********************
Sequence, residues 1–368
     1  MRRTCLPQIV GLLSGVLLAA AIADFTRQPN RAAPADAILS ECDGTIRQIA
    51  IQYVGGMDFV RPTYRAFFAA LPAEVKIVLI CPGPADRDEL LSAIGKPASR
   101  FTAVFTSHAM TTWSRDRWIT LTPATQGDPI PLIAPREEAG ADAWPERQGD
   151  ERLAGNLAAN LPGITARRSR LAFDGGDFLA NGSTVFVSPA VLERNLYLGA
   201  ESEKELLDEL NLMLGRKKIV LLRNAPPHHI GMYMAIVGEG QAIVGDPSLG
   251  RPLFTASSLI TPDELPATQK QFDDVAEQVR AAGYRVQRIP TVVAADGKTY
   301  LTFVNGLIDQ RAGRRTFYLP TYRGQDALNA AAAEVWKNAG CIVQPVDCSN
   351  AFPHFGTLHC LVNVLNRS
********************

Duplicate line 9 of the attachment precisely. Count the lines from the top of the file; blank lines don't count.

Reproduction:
   351  AFPHFGTLHC LVNVLNRS